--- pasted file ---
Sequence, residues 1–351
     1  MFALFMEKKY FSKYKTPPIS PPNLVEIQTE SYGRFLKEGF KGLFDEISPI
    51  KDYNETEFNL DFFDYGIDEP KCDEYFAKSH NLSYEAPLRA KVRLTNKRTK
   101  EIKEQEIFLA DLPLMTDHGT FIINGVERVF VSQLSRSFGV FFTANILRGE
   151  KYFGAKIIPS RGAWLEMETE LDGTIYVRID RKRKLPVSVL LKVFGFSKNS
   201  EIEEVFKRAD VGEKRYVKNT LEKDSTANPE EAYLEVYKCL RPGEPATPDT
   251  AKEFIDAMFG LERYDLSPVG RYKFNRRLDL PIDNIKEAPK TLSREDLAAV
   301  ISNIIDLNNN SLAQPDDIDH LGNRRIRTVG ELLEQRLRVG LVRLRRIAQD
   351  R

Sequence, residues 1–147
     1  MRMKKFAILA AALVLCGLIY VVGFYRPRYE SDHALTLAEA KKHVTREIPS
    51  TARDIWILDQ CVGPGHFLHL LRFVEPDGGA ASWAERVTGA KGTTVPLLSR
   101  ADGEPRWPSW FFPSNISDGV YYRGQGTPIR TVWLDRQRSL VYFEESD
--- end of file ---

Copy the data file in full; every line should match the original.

Sequence, residues 1–351
     1  MFALFMEKKY FSKYKTPPIS PPNLVEIQTE SYGRFLKEGF KGLFDEISPI
    51  KDYNETEFNL DFFDYGIDEP KCDEYFAKSH NLSYEAPLRA KVRLTNKRTK
   101  EIKEQEIFLA DLPLMTDHGT FIINGVERVF VSQLSRSFGV FFTANILRGE
   151  KYFGAKIIPS RGAWLEMETE LDGTIYVRID RKRKLPVSVL LKVFGFSKNS
   201  EIEEVFKRAD VGEKRYVKNT LEKDSTANPE EAYLEVYKCL RPGEPATPDT
   251  AKEFIDAMFG LERYDLSPVG RYKFNRRLDL PIDNIKEAPK TLSREDLAAV
   301  ISNIIDLNNN SLAQPDDIDH LGNRRIRTVG ELLEQRLRVG LVRLRRIAQD
   351  R

Sequence, residues 1–147
     1  MRMKKFAILA AALVLCGLIY VVGFYRPRYE SDHALTLAEA KKHVTREIPS
    51  TARDIWILDQ CVGPGHFLHL LRFVEPDGGA ASWAERVTGA KGTTVPLLSR
   101  ADGEPRWPSW FFPSNISDGV YYRGQGTPIR TVWLDRQRSL VYFEESD